Page 25 - Week 01 - Tuesday, 12 February 2008

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and Safety Services Pty Ltd, Dibbs Abbott Stillman and Cumpston Sarjeant Pty Ltd, released last August, pointed to falling legal costs but an increase in weekly payments and rehabilitation costs. While that might be expected given the shift in focus of the scheme away from legal contest and to rehabilitation, the reviewers could find—and this is a point I would like to emphasise—no evidence of more timely or effective rehabilitation. I also have fairly strong anecdotal evidence that many workers find the rehabilitation regime oppressive and offensive, and that occupational therapists and case managers are often unable to effectively find work for clients. This suggests that there is a role for employers to be a little more open about providing employment for people in these situations.

While I accept the principles of the third-party insurance scheme that this bill puts into effect, which echo those of workers compensation, there is a lot more work that now needs to be done, in terms of both data collection and injury management and rehabilitation, if this scheme is going to deliver the human outcomes we hope for.

We have spoken to the Chief Minister’s office raising concerns about quality assurance vis-a-vis medical and occupational rehabilitation, and the costs that go with them. While I am prepared to support this bill, I look forward to revisiting some of the details within it when we have a better idea of how it works. For that reason, I am pleased to say that pretty much every amendment that has come before us today appears to be an improvement on the original bill. While, as always, one would like to have more time to look at and consider those, given that this is pretty important legislation, I nonetheless appreciate the fact that up to the last moment the bill is being improved.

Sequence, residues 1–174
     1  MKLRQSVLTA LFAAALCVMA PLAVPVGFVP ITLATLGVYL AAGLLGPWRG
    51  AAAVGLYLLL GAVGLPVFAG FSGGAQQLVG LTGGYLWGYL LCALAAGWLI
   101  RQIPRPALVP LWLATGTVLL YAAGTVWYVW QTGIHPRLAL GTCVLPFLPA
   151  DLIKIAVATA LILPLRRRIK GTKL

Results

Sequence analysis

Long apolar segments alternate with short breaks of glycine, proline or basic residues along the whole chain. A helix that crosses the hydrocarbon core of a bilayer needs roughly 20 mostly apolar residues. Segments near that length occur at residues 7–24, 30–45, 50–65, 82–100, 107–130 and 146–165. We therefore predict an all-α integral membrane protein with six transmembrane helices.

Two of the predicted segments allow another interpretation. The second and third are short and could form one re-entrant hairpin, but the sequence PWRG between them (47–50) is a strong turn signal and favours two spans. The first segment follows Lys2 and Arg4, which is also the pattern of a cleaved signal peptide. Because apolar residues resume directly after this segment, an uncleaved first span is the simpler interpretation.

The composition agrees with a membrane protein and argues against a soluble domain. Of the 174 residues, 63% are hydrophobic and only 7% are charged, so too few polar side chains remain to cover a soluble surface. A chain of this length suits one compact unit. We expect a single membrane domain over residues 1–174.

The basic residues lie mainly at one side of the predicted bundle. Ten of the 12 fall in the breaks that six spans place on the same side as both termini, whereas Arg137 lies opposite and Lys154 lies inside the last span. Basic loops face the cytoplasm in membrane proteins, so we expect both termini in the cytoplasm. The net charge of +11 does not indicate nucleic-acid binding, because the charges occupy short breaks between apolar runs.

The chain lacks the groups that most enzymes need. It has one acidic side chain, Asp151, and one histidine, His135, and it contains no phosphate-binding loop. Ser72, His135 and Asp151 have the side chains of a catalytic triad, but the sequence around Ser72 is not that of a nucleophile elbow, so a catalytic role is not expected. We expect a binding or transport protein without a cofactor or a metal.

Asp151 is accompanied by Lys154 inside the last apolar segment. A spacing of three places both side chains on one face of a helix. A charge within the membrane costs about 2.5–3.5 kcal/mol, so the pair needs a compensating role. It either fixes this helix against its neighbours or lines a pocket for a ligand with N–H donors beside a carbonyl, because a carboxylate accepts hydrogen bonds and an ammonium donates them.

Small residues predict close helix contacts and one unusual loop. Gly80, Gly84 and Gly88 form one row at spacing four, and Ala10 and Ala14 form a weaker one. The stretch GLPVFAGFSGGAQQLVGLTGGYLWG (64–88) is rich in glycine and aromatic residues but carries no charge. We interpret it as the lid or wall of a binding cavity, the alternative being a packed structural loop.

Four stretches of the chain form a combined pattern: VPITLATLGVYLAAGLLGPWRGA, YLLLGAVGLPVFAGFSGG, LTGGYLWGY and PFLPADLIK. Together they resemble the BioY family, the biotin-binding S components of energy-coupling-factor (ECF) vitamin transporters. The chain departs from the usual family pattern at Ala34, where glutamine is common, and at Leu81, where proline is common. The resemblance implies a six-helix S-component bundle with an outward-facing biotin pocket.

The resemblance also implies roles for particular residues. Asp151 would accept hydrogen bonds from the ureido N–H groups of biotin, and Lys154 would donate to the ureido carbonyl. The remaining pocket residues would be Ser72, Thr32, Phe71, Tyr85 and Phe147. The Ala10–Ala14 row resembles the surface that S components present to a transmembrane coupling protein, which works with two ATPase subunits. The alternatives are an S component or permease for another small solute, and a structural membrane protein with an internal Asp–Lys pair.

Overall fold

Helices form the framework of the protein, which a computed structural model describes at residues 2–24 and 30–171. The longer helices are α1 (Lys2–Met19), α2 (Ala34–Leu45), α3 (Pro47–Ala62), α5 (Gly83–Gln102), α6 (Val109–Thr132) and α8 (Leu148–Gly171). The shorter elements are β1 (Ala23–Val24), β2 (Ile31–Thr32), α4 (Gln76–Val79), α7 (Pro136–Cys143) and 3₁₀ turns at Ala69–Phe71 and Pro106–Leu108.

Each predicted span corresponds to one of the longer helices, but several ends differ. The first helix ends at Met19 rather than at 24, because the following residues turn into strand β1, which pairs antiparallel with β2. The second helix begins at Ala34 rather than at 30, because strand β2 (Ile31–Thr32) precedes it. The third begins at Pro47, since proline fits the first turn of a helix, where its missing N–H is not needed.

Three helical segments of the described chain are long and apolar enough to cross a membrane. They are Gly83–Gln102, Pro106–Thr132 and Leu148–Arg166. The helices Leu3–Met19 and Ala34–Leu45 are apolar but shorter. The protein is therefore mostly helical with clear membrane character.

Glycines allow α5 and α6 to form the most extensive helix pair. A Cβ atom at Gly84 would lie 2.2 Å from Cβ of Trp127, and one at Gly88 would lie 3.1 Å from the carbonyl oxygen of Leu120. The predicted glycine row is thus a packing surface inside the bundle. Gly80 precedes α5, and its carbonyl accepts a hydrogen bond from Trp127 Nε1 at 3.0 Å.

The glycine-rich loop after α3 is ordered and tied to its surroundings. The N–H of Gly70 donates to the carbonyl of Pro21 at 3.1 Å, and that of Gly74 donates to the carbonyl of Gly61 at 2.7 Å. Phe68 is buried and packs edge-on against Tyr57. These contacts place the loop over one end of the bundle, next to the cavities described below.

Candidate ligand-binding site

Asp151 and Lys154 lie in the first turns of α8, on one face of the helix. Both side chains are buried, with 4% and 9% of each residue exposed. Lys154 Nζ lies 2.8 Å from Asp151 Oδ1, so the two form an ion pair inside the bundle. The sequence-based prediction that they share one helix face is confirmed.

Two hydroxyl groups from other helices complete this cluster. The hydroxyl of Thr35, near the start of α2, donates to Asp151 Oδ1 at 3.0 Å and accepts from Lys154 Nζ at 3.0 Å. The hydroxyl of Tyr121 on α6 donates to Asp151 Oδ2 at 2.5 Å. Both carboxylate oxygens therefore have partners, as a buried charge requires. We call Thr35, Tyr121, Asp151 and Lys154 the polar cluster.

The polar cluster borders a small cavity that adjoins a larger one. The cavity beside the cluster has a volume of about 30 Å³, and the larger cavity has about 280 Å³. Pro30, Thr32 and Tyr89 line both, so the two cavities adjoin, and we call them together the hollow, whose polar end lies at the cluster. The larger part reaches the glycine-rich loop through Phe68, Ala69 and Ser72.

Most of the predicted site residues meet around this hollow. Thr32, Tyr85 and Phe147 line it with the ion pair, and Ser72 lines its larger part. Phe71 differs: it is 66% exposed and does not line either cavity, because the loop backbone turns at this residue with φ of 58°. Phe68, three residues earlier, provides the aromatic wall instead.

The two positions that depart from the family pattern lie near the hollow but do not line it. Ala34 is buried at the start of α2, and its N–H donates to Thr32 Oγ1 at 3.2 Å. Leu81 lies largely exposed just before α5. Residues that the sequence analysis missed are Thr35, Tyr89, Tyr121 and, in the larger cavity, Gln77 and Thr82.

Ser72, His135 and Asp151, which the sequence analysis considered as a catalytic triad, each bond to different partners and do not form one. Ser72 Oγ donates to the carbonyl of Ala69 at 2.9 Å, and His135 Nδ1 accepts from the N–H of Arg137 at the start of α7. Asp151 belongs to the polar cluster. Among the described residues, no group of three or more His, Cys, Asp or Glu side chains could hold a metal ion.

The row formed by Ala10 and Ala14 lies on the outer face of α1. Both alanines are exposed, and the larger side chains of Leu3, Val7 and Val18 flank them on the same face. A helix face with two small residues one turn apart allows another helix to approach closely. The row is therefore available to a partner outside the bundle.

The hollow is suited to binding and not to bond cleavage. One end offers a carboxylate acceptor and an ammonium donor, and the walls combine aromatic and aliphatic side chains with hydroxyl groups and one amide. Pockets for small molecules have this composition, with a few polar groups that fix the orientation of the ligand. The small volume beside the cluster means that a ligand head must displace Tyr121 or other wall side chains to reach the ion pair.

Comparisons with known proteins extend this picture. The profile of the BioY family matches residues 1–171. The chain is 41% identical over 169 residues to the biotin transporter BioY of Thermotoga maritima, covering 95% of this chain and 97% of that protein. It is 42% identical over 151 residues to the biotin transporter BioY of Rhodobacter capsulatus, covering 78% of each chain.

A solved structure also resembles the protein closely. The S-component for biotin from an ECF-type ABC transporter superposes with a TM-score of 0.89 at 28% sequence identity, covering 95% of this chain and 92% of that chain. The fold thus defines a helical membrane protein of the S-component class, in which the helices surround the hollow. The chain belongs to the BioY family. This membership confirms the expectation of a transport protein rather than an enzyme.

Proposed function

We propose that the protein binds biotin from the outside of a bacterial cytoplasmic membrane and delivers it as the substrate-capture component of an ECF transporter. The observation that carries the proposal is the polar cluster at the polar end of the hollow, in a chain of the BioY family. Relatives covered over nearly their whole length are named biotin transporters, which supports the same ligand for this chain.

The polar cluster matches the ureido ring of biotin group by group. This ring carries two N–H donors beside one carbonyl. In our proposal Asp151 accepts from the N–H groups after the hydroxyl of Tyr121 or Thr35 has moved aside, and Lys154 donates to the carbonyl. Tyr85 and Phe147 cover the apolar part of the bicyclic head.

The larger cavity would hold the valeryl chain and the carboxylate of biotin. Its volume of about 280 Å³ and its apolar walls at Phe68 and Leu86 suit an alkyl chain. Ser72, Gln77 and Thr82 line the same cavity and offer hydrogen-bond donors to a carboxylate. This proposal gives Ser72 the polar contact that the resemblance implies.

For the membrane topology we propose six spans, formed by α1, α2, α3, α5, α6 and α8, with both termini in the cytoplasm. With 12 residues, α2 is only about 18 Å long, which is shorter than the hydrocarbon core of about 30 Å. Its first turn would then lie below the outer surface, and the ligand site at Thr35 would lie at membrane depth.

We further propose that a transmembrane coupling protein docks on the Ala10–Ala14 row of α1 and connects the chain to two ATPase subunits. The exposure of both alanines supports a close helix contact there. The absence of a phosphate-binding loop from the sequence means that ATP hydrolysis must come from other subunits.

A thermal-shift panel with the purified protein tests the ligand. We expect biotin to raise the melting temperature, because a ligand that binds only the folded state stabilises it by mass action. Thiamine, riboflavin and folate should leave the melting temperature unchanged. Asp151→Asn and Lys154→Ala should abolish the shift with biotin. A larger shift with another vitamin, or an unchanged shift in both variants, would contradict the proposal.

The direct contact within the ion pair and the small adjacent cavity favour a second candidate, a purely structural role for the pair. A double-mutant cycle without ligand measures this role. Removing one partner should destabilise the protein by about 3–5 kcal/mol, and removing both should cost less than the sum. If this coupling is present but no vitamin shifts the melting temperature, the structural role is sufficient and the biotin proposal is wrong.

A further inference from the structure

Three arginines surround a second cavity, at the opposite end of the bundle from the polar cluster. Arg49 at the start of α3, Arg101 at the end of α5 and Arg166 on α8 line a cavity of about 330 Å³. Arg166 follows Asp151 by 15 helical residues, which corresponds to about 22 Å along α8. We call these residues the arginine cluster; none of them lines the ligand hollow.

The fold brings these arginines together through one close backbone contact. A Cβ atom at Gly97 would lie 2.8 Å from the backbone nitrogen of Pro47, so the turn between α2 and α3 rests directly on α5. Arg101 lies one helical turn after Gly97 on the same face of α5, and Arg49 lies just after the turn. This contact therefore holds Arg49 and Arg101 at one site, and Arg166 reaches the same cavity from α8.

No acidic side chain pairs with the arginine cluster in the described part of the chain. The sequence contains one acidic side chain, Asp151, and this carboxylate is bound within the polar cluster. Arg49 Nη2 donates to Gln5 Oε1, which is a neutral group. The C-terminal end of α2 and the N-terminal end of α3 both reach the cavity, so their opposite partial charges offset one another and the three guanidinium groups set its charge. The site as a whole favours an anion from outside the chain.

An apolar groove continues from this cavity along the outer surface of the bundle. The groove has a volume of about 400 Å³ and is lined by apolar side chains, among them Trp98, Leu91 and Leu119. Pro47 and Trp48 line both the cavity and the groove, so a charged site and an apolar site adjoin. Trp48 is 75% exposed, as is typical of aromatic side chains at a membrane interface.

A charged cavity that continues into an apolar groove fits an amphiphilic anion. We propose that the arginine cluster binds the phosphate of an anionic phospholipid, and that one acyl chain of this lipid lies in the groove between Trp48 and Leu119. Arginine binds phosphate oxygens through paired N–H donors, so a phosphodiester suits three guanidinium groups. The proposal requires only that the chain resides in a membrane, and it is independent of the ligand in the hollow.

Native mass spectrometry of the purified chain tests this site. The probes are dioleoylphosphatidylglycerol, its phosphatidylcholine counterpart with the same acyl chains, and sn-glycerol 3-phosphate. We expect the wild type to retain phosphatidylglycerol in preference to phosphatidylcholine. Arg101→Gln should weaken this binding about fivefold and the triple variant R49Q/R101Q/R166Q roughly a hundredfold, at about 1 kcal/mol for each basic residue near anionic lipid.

I myself have added to the paper warfare with an amendment to Mr Smyth’s amendment. Just to highlight the main point in the presentation I have just made, that is because we have to consider the way that the changes in the legislation will impact on the claimants’ wellbeing, health and ability to return to work. After all, that is really what it is all about.

MR STANHOPE (Ginninderra—Chief Minister, Treasurer, Minister for Business and Economic Development, Minister for Indigenous Affairs, Minister for the Environment, Water and Climate Change, Minister for the Arts) (11.53), in reply: As members are aware, the ACT compulsory third-party insurance scheme was a legacy of the time before self-government. The scheme was untouched for 60 years. For the first 20 years of the scheme there were a number of providers of CTP in the territory and territorians could choose which to engage. One by one, however, they withdrew until one remained, namely, NRMA Insurance Ltd.

Unfortunately, CTP has become more complex than at the time NRMA became the sole CTP insurance provider for Canberrans. The common law has changed, medical science has changed, data and statistical information has become more accessible and legal practice has changed. The structure of the whole insurance industry has changed. People’s attitudes, their mobility and their expectations have changed. Until 22 November 2007, the ACT CTP scheme had not changed to accommodate any of these developments.

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